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Is socialising through games the new normal?

4th July 2017 Print
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Once upon a time, playing a game via your computer was deemed unsociable and, to an extent, reclusive. How things have changed though. In today’s world of ever-evolving technology and social media, the idea of people interacting and socialising through a gaming experience is pretty much a common practice.

The rise of social media, online gaming communities, and superfast broadband have all played key roles in driving people's desire to socialise through gaming experiences. Even as far back as the year 2000, reports suggested that 74% of those who interacted with a gaming community formed lasting relationships with each other.

Stimulating through Games

In fact, studies have shown that video gamers are more sociable than those who shy away from playing computer games, regardless of gender; the "average gamer" demographic is split almost evenly between men and women: 52% men and 48% women.

Further studies have also revealed that video games can play a vital role in a brain’s development, with scientists finding that high video game usage equated to better social skills. The study was carried out by a team of researchers at Columbia University’s Mailman School of Public Health in New York and found that high video game usage created a 1.75 increase in the odds of high intellectual functioning.

While some may argue that removing ourselves from a physical, face-to-face experience will only diminish the way we interact with each other, the reality is quite different. Yes, there is a barrier when we communicate online, and the minority may feel they can perhaps say things they wouldn’t necessarily say in real life, but it can work both ways and encourage more confidence, helping to build better relationships.

At the end of the day, we are all still humans, and the difference between how we act towards each other in real life and online isn’t massively different.

A Range of Options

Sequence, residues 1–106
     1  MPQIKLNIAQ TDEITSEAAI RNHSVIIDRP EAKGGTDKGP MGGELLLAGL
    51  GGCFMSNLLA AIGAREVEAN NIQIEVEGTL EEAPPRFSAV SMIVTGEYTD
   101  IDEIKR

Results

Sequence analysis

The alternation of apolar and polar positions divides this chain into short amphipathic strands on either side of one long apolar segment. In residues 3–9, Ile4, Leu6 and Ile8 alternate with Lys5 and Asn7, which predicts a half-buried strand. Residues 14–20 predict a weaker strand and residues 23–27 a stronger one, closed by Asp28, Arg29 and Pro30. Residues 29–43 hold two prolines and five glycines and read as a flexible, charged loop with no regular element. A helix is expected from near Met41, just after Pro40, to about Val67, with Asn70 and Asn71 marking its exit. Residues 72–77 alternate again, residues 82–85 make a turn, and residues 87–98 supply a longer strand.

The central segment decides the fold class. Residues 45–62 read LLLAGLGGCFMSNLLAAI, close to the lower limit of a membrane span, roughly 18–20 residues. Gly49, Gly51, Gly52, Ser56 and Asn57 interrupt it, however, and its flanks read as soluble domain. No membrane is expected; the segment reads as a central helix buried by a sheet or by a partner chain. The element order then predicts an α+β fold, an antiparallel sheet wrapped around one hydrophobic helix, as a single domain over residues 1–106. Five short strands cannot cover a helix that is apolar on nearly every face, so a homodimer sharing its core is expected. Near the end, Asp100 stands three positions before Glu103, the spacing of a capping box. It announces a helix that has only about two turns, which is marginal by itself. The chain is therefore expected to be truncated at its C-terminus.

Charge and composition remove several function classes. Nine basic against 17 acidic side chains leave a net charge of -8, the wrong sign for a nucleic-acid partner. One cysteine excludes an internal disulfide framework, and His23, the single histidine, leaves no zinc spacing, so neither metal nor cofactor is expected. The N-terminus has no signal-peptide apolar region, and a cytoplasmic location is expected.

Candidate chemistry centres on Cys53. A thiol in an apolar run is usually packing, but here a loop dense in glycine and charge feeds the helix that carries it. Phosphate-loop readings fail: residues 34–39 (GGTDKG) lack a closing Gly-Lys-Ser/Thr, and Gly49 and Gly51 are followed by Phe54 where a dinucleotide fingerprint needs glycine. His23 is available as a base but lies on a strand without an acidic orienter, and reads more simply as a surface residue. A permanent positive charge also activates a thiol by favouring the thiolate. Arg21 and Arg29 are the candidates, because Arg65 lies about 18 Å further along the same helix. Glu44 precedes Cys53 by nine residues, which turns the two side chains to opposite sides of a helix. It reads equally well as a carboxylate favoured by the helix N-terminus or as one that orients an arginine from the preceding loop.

Online gaming has afforded us the opportunity to be able to create relationships from the comfort of our own homes, with our experiences the same as, or better, than their real-world counterparts.

Casinos are a prime example, with online companies offering popular games such as blackjack and poker without the need to track down a brick and mortar establishment. Some casinos, like Mr Smith, have even expanded the concept of the table game to include live variants, which offer a far more social way of playing roulette and baccarat (for example) than the solo game.

Another key contributor to people socialising through online gaming is the PlayStation and Xbox, which creates a more sociable environment for players to participate in. With PlayStation’s video sharing, you can even watch other people play their games while leaving comments. Online gaming is now so popular that some believe the single player experience is well on its way to disappearing, as MMO (Massively Multiplayer Online) games become the key focus for many gaming developers.

While there will always be those who prefer face-to-face interaction, there is no doubt that socialising through games is now a normal way for people to interact with each other. As companies like Apple and Google plough millions of pounds into augmented and virtual reality, this trend can only increase, and we could very well find ourselves heading to the next phase of the future sooner than we think.

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